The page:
Tag Archive | Albatross

Imperial Shag, Southern Sea Lion & an Albatross Too!

The Imperial Shag (this odd name sounds like a rude comment about the British Monarchy, but thankfully it’s not) is a species of cormorant native to the Sub-Antarctic Islands and Southern South America. They look much like penguins, but they can fly, both in the air and under water. Here you can see them sunning with Southern Sea Lions, AKA South American Sea lions on an island off the coast of Ushuaia. I much confess that I am puzzled by the Southern Sea Lions. They look nothing like the sea lions I am familiar with in California, but apparently are closely related. These Southern Sea Lions are fatter, furrier and look more like a Weddell seal. They probably need the extra fat and fur to survive in the arctic waters. They are quite handsome I think! (Click to enlarge.)

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In this photo, an Albatross is flying overhead.

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Here is a better shot of the handsome sea lions.

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El Fin del Mundo! Ushuauia & The Beagle Channel!

We are now in the southern-most city in the world, referred to as ‘The End of The world,’ and a very different part of Patagonia. We are staying on the glorious Beagle Channel near the entrance to Tierra Del Fuego National Park (Land of Fire.) Darwin named this area Tierra Del Fuego because as he sailed up the channel, he was amazed by the sight of the hundreds of fires the indigenous people had lit for warmth and survival in this harsh, but beautiful place. As of today the Tierra Del Fuegans are essentially wiped out due to their contact with explorers and settlers.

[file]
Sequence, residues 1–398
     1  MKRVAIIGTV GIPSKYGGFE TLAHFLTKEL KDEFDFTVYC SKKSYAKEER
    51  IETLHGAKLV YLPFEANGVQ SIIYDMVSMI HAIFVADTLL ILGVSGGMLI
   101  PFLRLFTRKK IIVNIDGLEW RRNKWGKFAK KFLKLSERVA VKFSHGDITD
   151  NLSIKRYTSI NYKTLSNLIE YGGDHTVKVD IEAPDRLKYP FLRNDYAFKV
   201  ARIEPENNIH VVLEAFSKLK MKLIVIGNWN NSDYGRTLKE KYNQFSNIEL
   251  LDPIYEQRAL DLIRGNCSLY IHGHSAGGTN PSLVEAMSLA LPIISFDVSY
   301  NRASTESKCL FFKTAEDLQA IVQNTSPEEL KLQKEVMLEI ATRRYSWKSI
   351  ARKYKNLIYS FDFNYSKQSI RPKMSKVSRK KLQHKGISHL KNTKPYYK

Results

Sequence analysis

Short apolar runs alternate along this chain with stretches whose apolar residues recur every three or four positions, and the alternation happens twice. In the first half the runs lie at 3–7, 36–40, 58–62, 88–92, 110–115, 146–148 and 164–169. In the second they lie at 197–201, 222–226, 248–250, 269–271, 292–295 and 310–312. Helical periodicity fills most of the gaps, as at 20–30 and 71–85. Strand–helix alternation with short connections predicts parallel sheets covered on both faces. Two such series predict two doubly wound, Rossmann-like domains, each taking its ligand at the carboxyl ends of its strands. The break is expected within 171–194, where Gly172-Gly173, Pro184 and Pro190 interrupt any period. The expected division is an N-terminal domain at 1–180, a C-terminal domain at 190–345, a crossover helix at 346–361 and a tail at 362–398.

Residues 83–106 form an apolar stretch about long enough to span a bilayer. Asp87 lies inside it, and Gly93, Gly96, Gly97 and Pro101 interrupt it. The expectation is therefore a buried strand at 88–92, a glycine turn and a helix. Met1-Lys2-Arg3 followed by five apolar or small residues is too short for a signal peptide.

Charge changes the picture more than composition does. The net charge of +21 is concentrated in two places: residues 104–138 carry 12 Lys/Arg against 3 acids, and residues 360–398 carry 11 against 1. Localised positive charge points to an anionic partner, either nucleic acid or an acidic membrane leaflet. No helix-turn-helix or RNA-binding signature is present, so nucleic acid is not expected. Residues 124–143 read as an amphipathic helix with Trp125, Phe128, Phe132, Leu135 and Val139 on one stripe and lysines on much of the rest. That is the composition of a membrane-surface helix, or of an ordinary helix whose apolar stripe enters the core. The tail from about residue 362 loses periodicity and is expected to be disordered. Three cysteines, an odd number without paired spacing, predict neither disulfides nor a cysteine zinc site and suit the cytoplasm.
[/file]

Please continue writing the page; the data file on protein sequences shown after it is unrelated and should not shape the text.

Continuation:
Ushuaia is a place we had been before, for a day, before crossing The Drake Passage into Antarctica. We always planned to return and spend more time and so we are. Take a peek at this stunning place & animal inhabitants :

Taken from out our hotel bedroom window!

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Adelie, Chinstrap & some King Penguins!

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The stunning Albatross. They spend the first few years of their life at sea and return to land when they are ready to breed. These are massive birds, with huge wingspans and they are incredible gliders!

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Antarctica Journals!

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My husband, Jim, handed me a travelogue he kept of our Antarctica trip in 2008. I had forgotten that we both had written trip journals and it is interesting to see a lot of the details I had forgotten. The following include excerpts of these travel journals that weren’t included in my prior post.

Day 1-2: Jim’s notes state that we cross the 400 mile Drake Passage with Beaufort force 3 winds. The Beaufort Scale winds range from force 1-12, and relate wind speed to observable effects on land and sea. Force 3 winds are gentle breezes that create wavelets that begin to break, causing whitecaps, i.e., easy-peasy seas.

We pass the Antarctic Convergence in the afternoon. This is a continuously circling body of water where cold Antarctic waters converge with warmer subantarctic waters, causing the colder water to sink, leading to upwelling where marine life is intensely prevalent, including pelagic birds such as several types of Albatross, and Skuas.* The Antarctic convergence is the largest biological barrier on earth. Crossing the convergence marks entry into the Southern Ocean which has it’s own currents. We are entering the world’s largest wilderness, with the highest concentrations of wildlife on the planet. It is also the coldest, highest, windiest, iciest and least visited of all the continents i.e. PARADISE!